“Yes. We’ve been taught to think we’re selfish and bad if we take care of ourselves, and we’re virtuous and good if we take care of someone else.  The airlines, however, have it right.  When the oxygen mask drops, put your own on first before you help anyone else, including a child.  Without oxygen, you’ll quickly become a casualty and someone else will have to rescue you.  Good self-care isn’t selfish.  In fact, it enables you to help others.  Taking care of yourself emotionally enables you to give to others, just like saving money does.”

“Do you stop worrying about what other people think of you?” Steve asked.

“Yeah, because you know your self-evaluation and your self-respect control your life.  You cannot do anything that violates how you see yourself.  Henry Ford said: ‘If you think you can, you can.  If you think you can’t, you can’t.  Either way, you’re right.’ In short, you are the product of your self-image.”

“But doesn’t what your spouse and your friends think of you control your life?” asked Carey.

“If you put what someone else thinks of you ahead of your self-evaluation, who are you living for, them or yourself?” 

“I see what you mean,” Carey replied. “But what makes it so hard to keep our boundaries?  What causes us to lose them?”

“Good boundaries require unceasing vigilance. That’s especially difficult when we’re hungry, angry, lonely, tired, or using substances like alcohol or drugs. I use the acronym: HALTS. The S stands for substances.”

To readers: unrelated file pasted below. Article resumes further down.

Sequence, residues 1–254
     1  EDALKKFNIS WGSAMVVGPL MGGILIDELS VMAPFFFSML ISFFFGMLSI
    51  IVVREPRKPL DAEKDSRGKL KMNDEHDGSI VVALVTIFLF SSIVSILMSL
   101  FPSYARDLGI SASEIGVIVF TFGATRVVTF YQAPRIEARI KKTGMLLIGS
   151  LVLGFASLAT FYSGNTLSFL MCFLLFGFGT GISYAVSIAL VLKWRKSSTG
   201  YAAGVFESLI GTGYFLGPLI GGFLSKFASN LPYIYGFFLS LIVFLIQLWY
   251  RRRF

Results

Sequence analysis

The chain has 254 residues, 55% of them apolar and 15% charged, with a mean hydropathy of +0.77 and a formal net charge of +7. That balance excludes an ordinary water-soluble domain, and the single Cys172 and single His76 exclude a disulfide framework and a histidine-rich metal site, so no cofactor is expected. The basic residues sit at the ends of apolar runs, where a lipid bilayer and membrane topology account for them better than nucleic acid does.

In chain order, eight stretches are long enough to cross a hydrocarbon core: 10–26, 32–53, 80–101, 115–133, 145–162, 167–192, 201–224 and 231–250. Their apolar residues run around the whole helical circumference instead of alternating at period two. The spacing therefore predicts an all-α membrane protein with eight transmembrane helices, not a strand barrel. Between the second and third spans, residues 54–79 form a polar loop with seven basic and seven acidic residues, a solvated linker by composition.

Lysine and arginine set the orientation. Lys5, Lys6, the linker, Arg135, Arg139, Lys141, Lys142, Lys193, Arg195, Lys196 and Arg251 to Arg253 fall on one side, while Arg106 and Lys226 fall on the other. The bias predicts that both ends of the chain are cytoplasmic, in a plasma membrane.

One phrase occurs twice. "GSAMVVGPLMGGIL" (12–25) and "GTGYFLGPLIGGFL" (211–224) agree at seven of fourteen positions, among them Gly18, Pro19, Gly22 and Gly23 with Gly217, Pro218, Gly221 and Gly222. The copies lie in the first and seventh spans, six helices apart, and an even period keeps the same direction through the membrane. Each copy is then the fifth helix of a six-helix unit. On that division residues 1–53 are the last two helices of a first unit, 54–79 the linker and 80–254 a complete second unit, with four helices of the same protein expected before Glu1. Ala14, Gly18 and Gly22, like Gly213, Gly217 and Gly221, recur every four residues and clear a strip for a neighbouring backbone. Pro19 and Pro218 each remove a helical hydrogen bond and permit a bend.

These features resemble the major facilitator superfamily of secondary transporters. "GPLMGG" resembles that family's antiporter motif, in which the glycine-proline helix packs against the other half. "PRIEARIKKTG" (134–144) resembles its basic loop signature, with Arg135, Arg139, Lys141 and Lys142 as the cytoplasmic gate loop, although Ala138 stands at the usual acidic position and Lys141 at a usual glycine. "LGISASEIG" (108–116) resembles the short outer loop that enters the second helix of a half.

“When I’m using pot I’m calmer,” Steve said, “but I don’t pay close attention to what’s being said.” 

“One glass of wine numbs me and makes me less aware,” Carey added, “not just of my own feelings but other peoples’ too.”  

She sat forward. “Isn’t Steve crossing boundaries when he goes on his rides with Vanessa?”

 “Yes.  He’s breaking his commitment to you and triangulating his marriage.”

 “But Vanessa’s my friend,” Steve protested. “I can go for a ride and still love my wife!” He folded his arms across his chest.

“When we marry, we vow to put our spouse first,” I responded, “even ahead of our parents, siblings, children, and friends.”

“But my friend is important,” Steve said. “She even helps at my job.” He shook his head.

  “Do you have both feet in your marriage? Or, do you have one foot out?” I asked. “When you create a triangle with Vanessa you threaten your marriage.”

  Steve unfolded his arms.  “We’re just talking, but I do have one foot out.”  

 I looked directly into his eyes.  “Do you share matters with her that you don’t with Carey?”

 He nodded.  “But I don’t touch her or flirt with her.”

 “Steve,” I responded, “you’re having an emotional affair.  By sharing more with Vanessa, you’re committing emotional infidelity. Most sexual affairs start because we want closeness, someone to share with. The emotional closeness often leads to sex.  You’ve let Vanessa become closer to you than your wife.” 

 Steve glanced out the window, then back at me. 

 I leaned forward toward Steve.  My words were like arrows. “This is the truth: if you want to save your marriage, you must end this affair.”

 Steve sat back and averted his gaze. His cheeks reddened and his head drooped. 

Our appointment was about to end. Carey scooched close to Steve and locked eyes with him.  “He’s right.” Her voice choked.  “I will never get closer to you until you end your involvement with her.”   Tears filled her eyes. One spilled down her cheek. Steve put his arm around her. I gave them a hand to rise from the sofa.  They left the session walking hand in hand.